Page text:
Pretty much everyone agrees scaffolding students’ work is a ‘good thing’. Whenever they get stuck we leap in with our trusty writing frames and help them get going. A good writing frame can teach an understanding of text coherence and structure, prompt metacognition and serve as jolly useful checklist.

But I think we get a few things wrong.

Thinking about where the scaffolding metaphor comes from is instructive. Builders use scaffolding to enable them to attempt projects which would be otherwise impossible – or at least very unsafe. They do not use scaffolding to help them knock together a dwarf wall in your back garden. And then, when they’ve erected their shining skyscrapers, they take the scaffolding away. Unless scaffolding is removed we are unable to fully appreciate an architect’s vision.

In teaching, we tend to use scaffolding to make work easier. In order to prevent students feeling stuck, or overcoming difficulty, we give them a writing frame. Then, when they’ve finished, we leave it there.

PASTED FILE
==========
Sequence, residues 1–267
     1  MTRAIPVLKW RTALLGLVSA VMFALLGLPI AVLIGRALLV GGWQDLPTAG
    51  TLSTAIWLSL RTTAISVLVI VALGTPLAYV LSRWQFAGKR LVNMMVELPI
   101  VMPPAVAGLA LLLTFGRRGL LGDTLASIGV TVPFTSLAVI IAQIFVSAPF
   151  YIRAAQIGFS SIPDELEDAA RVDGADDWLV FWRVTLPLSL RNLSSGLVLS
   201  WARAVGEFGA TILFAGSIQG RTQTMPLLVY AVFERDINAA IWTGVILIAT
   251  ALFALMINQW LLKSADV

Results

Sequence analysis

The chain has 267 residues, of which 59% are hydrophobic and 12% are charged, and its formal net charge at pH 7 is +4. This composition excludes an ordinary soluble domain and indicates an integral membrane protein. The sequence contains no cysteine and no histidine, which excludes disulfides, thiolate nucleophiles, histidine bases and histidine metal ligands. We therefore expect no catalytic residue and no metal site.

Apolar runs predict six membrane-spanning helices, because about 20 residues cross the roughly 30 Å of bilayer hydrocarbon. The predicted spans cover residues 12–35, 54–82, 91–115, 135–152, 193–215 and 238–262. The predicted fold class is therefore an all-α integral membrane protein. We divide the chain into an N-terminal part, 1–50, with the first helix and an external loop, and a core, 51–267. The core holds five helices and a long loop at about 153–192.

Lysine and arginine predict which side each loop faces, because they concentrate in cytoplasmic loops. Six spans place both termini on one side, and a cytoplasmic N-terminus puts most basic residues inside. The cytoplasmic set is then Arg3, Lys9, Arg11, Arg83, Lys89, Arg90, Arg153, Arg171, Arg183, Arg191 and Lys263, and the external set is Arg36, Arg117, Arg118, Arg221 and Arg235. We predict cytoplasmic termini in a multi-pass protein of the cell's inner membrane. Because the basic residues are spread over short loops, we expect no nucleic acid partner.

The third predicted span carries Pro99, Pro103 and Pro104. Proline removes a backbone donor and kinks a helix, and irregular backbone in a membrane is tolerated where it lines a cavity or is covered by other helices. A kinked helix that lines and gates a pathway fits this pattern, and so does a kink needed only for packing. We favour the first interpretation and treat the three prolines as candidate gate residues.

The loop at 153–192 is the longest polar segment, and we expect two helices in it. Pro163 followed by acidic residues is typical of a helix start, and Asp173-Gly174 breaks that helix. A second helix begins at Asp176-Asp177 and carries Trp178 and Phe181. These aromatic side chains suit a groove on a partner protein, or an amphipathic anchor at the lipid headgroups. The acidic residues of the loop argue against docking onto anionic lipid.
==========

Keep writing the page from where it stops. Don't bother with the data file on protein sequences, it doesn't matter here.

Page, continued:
I want to suggest two principles for the effective use of scaffolding.

First, we should never use scaffolding to make easy work easier. We should only ever use it to make the impossible possible. We need to simplify the task sufficiently to allow pupils to attempt it, but make it hard enough so that everyone has to do something challenging. Everyone should struggle, no matter their ability.

Second, never put up scaffolding unless you have a plan for taking it down. If we leave it there, students will become dependent on it. They’ll never be able to perform without support, and this often ends up stifling their ideas and expression. Clunky straightjackets like PEE (Point Evidence Explain) and its many variants can be useful as a starting point, but as soon as students have mastered using them they need to be taken away. Taking away the scaffold forces students to struggle. The act of dredging memory for ideas helps the process to become internalised. If students are struggling too much, put the scaffold (or at least some of it) back. And then take it away again. As soon as possible.

If you’re interested, here’s a method for removing scaffolding from writing.